a difficult time, a difficult task

I work occasionally as a fill-in librarian at a local public library that serves a community of about 5,000 people. This is the community I am moving to next month, up the road from where I live now, and while technically it puts me out of the “rural” designation, it’s still pretty rural. Last week and the week before there was a horrible tragedy that rocked the whole community. Short form: a local girl Brooke Bennett, went missing and her body was discovered a few days ago. The most likely suspect at this point is an uncle who is on the state sex offender list.

First off let me say that I’m quoting from news stories only. Our official staff position is “no comment” and I’m sticking to that. Here is why this is a library issue.

  • The initial reports, when the girl was simply missing, was that she had met a sexual predator online via her MySpace page. That garnered the predictable media outcry as well as some very good stories about safety online.
  • It also resulted in law enforcement coming to the library to take the public PCs. You can read the library director’s statements about this in this article in the Burlington Free Press. The librarians waited for a court order, and gave the computers to the police once they received one. The computers have since been returned. The library had an internet policy in place to guide their actions in this situation.
  • As more details emerged it became clear that the MySpace angle was not just untrue, it was the opposite of what people had thought. The person who abducted Brooke had actually logged in to her MySpace page to try to create a fake scenario where she was meeting a “predator” when in reality she was meeting him. IP addresses from these interactions were given to law enforcement by MySpace and were, as near as I can tell, instrumental in helping them determine the sequence of events of this crime and narrow down the suspect list considerably. The older articles still reflect the “internet predator” angle when, like most abductions, the criminal was someone from the victim’s own family.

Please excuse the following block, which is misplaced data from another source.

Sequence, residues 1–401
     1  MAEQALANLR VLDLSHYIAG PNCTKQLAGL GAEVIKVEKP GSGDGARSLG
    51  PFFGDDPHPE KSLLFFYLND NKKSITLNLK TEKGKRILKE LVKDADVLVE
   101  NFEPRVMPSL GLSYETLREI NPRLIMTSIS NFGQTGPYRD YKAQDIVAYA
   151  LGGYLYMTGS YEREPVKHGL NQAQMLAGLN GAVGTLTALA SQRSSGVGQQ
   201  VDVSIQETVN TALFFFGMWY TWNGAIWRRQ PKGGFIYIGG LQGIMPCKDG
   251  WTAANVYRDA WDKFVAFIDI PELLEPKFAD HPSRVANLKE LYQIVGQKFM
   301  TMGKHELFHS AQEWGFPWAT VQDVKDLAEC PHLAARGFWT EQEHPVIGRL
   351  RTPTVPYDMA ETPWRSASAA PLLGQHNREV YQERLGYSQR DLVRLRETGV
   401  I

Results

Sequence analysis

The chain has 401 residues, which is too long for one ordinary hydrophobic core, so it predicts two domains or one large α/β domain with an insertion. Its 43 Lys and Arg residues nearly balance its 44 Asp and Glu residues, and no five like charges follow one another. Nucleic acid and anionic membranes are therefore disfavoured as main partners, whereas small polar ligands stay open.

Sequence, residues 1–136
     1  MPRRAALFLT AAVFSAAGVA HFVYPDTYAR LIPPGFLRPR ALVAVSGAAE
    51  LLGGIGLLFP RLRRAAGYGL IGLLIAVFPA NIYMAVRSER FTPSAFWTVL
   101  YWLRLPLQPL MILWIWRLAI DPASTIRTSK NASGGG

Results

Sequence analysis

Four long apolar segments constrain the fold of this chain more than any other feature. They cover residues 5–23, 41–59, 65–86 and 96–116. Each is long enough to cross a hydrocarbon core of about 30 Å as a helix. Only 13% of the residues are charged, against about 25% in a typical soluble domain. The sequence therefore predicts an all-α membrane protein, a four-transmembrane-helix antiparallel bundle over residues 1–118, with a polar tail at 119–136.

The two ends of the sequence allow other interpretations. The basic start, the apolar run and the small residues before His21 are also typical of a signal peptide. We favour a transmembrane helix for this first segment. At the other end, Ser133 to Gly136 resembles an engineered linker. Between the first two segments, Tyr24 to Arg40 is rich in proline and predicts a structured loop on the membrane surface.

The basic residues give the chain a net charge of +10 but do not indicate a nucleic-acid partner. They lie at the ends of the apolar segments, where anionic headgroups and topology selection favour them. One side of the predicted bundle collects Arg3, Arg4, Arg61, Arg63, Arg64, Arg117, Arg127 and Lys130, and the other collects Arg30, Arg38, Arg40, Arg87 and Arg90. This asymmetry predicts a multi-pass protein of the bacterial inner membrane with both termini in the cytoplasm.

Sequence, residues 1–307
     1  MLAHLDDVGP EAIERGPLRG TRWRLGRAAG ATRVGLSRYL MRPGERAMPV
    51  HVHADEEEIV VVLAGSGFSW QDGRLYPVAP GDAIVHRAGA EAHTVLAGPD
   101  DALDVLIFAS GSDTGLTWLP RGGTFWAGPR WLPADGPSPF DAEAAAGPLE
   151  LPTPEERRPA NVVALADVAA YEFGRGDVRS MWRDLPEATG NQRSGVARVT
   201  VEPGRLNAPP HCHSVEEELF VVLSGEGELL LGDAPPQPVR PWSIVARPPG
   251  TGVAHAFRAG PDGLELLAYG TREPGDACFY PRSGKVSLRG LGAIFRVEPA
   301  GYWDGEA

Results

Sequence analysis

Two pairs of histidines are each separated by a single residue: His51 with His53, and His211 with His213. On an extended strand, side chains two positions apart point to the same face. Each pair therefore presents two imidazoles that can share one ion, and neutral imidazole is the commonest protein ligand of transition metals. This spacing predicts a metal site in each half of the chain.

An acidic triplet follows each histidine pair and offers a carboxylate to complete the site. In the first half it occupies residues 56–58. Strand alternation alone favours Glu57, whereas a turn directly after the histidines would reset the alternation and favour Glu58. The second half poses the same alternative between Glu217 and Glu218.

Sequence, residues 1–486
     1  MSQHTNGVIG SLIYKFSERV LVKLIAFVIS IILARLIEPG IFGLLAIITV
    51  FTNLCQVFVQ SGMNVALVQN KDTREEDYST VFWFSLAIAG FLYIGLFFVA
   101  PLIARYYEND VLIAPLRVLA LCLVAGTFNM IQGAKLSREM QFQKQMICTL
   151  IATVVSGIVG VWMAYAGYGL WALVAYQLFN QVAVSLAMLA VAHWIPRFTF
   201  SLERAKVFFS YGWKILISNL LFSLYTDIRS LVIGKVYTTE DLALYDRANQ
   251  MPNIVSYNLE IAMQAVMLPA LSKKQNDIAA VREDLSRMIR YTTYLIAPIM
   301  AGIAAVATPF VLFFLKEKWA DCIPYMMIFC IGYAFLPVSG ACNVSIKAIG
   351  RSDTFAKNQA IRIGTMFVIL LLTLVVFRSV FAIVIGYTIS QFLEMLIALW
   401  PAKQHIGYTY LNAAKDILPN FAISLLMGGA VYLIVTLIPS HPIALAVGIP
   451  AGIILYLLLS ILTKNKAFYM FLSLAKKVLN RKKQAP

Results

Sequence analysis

• And as far as data goes, danah boyd has a very good article about MySpace when DOPA was more on the table in 2006. One of her useful facts “Statistically speaking, kids are more at risk at a church picnic or a boy scout outing than they are when they go on MySpace. Less than .01% of all youth abductions nationwide are stranger abductions and as far as we know, no stranger abduction has occurred because of social network services.”
  • The accused man is being charged, as of this writing, with kidnaping. This is because kidnaping at a federal level carries a possible death penalty sentence and is, I assume, a bargaining chip. The law regarding this is one that I wasn’t totally aware of “the 2006 Adam Walsh law — named for another abducted child — allowed federal prosecution of such crimes when they are facilitated by the Internet.” Worth knowing for any of us who provide Internet access to the public, I think.
  • The library has set up a book display dealing with this very difficult topic — books on MySpace, the death of a child, dealing with grief — and encouraging conversations.

So, this is all incredibly upsetting and destabilizing to the community here. While I hope that you never have to deal with something like this at your library, there may be some instructive or useful pieces of information here that I felt might be worthwhile to pass on.

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